When a record-breaking number of students voted in this year's Presidential election, they lined up at the polls, sometimes for a very long time, to wait to cast their vote in a private, secure location. In every single state in this nation, citizens have a right to cast their ballots in a private polling booth, free from the intimidation and bribery of candidates. This is true in most of the functioning democracies of Europe, in Australia and Brazil. Most unions in this country, as well as city and county governments, ensure that their citizens can vote in this way. So, we fail to see why this voting method is too controversial for CU Student Government to adopt.
Last week, when asked to vote on a bill that would abolish the current voting system, in which you can vote at any time from a laptop logged into myCUInfo, and establish a new system in which you can vote at one of four polling places across campus, the Legislative Council of your Student Government said no.
The bill would have banned electioneering, or the process of observing students while they vote. We have received complaints for years about intimidation, coercion and manipulation by candidates who watch over students' shoulders while voting.
CU student government is in control of 25 million dollars of your money and is supposed to represent your voices to the Chancellor, the Board of Regents, and the State of Colorado. They should be elected in a way that is fair and free of corruption. However, right now, there is nothing stopping candidates from watching over your shoulder while you vote, misrepresenting their views or the views of their opponents in an attempt to scare you into voting for them, or showing up at your club meeting, sorority, fraternity, or sports team practice with lap tops to try and coerce you into voting the way your friends did. We cannot force every student to diligently research the issues and the candidates and make informed decisions.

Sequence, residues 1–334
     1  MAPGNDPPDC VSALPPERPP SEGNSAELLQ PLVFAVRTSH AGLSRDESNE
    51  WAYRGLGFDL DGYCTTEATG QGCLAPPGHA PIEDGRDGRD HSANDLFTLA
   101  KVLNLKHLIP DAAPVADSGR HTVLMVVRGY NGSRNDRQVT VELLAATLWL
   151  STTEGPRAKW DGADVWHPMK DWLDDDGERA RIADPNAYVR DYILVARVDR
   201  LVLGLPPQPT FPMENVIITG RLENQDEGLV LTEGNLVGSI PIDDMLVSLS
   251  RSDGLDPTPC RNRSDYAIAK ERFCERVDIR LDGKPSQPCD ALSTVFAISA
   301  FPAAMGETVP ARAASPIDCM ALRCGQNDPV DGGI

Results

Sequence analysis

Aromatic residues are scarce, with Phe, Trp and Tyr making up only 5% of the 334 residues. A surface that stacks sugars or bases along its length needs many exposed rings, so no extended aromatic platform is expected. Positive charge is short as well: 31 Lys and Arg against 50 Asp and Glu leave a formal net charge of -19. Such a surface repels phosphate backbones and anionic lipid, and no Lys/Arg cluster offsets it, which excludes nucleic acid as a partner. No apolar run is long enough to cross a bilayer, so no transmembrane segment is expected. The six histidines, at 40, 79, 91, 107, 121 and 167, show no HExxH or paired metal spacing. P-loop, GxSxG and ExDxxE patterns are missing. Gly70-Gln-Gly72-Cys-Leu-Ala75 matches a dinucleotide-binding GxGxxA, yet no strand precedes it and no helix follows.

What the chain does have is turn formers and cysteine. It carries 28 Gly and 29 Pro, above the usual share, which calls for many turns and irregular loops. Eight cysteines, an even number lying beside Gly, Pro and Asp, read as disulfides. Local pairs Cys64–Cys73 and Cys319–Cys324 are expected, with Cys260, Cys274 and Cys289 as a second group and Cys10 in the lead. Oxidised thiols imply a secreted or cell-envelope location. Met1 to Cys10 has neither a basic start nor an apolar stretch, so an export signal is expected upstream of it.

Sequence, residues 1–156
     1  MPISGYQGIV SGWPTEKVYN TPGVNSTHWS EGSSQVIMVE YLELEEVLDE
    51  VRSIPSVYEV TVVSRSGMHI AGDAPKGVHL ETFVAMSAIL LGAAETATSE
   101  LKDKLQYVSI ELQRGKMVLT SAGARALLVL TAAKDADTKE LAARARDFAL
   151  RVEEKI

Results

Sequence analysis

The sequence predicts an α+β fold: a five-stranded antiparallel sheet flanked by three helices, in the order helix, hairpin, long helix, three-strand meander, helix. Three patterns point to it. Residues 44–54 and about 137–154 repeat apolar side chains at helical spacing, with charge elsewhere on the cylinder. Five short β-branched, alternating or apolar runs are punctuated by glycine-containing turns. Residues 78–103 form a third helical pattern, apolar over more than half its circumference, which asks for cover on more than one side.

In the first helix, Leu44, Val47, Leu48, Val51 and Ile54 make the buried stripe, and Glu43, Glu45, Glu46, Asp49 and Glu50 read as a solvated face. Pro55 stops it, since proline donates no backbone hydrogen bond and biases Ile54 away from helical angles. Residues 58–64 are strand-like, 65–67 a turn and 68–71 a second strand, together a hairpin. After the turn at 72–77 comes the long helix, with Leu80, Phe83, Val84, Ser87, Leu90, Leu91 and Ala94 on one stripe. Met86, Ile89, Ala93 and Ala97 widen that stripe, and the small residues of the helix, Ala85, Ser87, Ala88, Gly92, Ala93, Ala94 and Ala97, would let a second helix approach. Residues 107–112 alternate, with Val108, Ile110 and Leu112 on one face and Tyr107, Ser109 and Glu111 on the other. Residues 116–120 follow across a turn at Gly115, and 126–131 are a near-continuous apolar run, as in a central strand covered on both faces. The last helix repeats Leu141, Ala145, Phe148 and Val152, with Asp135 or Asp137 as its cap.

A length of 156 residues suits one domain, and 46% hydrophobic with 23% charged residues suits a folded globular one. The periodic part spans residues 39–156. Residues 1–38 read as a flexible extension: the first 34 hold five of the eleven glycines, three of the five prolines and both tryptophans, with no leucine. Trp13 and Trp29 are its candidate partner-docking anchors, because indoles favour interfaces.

Even if we could, there is no reason for us to force any student to do anything, the last administration learned that lesson well on 4/20. But, we can guarantee that students can vote for their leaders in an environment free from bullying, intimidation and manipulation.
Tell your Legislators to vote for fair, responsible elections now. Tell them that you want a system in place by the Fall of 2013. Please send your concerns to any of the representatives or senators below:
Neelah Ali: firstname.lastname@example.org
Juliette Bourdier: email@example.com
Zeke Johnson: firstname.lastname@example.org
Lauren Kuhn: email@example.com
Wesley Montag: firstname.lastname@example.org
Maddison Saavedra: email@example.com
Alexis Scobie: firstname.lastname@example.org
Nathaniel Wallshein: email@example.com
Chelsea Miller: firstname.lastname@example.org
Catherine Bogart, Journalism: email@example.com
Daniel Hansen, Engineering: firstname.lastname@example.org
David Gillis, Engineering: email@example.com
Taylor Harrell, Graduate: firstname.lastname@example.org
Anna Hendron, Education: email@example.com
Colin Sorensen, Education, Leg Council President: firstname.lastname@example.org
Spencer Kalata, Environmental Design: email@example.com
Hladini Mensah, Environmental Design: firstname.lastname@example.org
Keegan McCaffrey, Arts and Sciences: email@example.com
Nikki Singh, Arts and Sciences: firstname.lastname@example.org
Andrea Meli, Business: email@example.com
Dylan Phillips, Business: firstname.lastname@example.org
Rachelle Yeung, Law: email@example.com
Eden Rolland, Law: firstname.lastname@example.org
Robbie Erhard, Music: email@example.com
President Brittni Hernandez: firstname.lastname@example.org
Vice-President Logan Schlutz: email@example.com
Vice-President Tyler Quick: firstname.lastname@example.org